In stream-of-consciousness comedy, Robin Williams is a flash flood. When they're on stage together, David Steinberg opens just the right floodgates. It's either the easiest job in show business, or the toughest. As with all the greats, the audience can't tell the difference.
You can see for yourself when the two bring their show to the Vilar Performing Arts Center tonight. A few tickets are still available, but you'd better be as quick as their wit.
He ain't robbin' Robin
Steinberg is a comic genius in his own right, but mostly plays the straight guy in their Evening of Sit Down Comedy, loosely following the format of his Showtime series, "Inside Comedy."
"The audience is there to see him first, so I let him run," Steinberg said.
It's complete improv, and Steinberg spent years with Second City. Outlines are Williams' enemy and Steinberg never uses them anyway. The only restriction is that they don't cover the same ground twice.
"If we've done something, we never go that way again," Steinberg said. "It's rare thing to be able to do that."
They might talk about how Mork and Mindy shot Williams to stardom and how creator Garry Marshall told him, "It's not Shakespeare, but you'll be able to buy (stuff)."
Movies and TV shows they've directed or starred in are possible topics. Maybe Williams in "Awakenings" about neurologist Oliver Sacks' work with Tourette syndrome patients, to which Steinberg wisecracked: "I'm working with one tonight!"
Laughter's the best medicine
They've been friends for years and they've done this before, beginning with a couple segments of Steinberg's "Inside Comedy," where Steinberg matched Williams with his comedy hero Jonathan Winters. That's too much comedy to pack into one segment, so they let it run to two.
Fast forward several months and Williams was scheduled to do a show in Cleveland as a benefit for the hospital where he'd had open heart surgery. Williams had such a great time on his "Inside Comedy" gig that he asked Steinberg to do something similar in Cleveland. The catch, Williams said, was that they'd be doing it for free.
"The best heart clinic in the world and you're asking a Jew if he'd do this for nothing?" Steinberg said. "Of course I agreed to do it! I even got all the email addresses from all the doctors I might need along the way."
They took their show to the 92nd Street Y in New York City and some other stops along the way.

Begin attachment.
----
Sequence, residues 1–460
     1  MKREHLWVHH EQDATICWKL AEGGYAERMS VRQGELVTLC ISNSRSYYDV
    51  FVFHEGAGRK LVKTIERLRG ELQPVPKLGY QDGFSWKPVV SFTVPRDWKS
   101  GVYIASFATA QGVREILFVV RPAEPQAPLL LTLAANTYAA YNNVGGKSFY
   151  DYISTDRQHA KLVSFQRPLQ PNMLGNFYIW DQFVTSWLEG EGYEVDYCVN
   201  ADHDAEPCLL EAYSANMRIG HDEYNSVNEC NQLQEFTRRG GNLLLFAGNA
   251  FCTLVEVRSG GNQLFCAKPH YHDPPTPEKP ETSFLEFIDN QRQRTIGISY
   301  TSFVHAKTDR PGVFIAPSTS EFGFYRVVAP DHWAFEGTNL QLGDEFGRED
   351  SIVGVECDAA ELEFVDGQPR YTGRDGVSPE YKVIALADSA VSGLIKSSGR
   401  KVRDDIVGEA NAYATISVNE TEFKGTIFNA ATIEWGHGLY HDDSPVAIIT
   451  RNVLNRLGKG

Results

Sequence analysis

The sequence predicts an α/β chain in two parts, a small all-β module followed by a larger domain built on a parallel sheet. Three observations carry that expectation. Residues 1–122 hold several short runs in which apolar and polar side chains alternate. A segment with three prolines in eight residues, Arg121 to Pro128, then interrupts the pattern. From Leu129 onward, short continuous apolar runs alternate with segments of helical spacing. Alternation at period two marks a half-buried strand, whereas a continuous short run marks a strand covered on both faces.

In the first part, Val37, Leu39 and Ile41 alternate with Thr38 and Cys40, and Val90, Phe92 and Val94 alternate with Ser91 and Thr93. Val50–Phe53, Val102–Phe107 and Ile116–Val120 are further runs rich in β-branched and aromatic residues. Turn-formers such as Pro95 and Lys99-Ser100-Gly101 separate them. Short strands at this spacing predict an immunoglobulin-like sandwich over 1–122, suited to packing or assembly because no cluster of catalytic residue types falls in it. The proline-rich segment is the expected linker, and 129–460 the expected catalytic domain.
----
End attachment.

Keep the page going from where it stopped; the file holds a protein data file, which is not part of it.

Williams said, "We have a month. Why don't we go hit a few cities?"
And that's the abridged version of how they landed in Beaver Creek.
"We're enjoying ourselves immensely," Steinberg said.
Love and hate mail
Steinberg had his own variety show and his "sermons" on "The Smothers Brothers Comedy Hour," helped get the show thrown off the air. He chuckles now when he describes a sermon from a Jewish comedian encouraging us to "Put the Christ back into Christmas and the Ch back into Chanukah."
"It was officially the most hate mail ever received on network television ever," Steinberg said proudly.
Not so long ago, Steinberg presented The Smothers Brothers their Freedom of Speech Award during the Aspen Comedy Festival.
"Inside Comedy" is one of his favorite projects, he said.
"It's an interesting process for comedians. They're not switched on as they would be in a show. It's more natural, less contrived," Steinberg said.
Steve Carell and he were looking to do something together and decided that between the two of them they knew most of the funny people on God's green earth.
Let's make a documentary, Carrel suggested.
They met with Warner Brothers to pitch the idea, figuring it was just a formality, that Warner Brothers wouldn't want it.
"I felt good that day and started spinning little tales. They said they wanted to do it," Steinberg said.
Carell was somewhere south of completely thrilled because it wasn't Plan A.
"Fortunately Warner Brothers offered us a deal that was so bad we were able to say no," Steinberg said.
Steinberg raised some money and spent a year interviewing some of the world's comic geniuses.
"What we couldn't get over was that everyone said yes," Steinberg said.
All the interviews were at least 40 minutes long and they were trying to figure out how to edit everything down to two or three minutes. Finally, they decided to give the comics room to run.
"At the time there was nothing like it on television," Steinberg said.
Since they'd raised the money, and he had some time, they decided to pitch an interview show. They took it to Showtime first.
"They called us while we were still in the parking garage after making the pitch," Steinberg said. "They said, 'Don't take this anywhere,' which is Showtime language for 'Don't take this to HBO,'" Steinberg said.
Staff Writer Randy Wyrick can be reached at 970-748-2935 or firstname.lastname@example.org.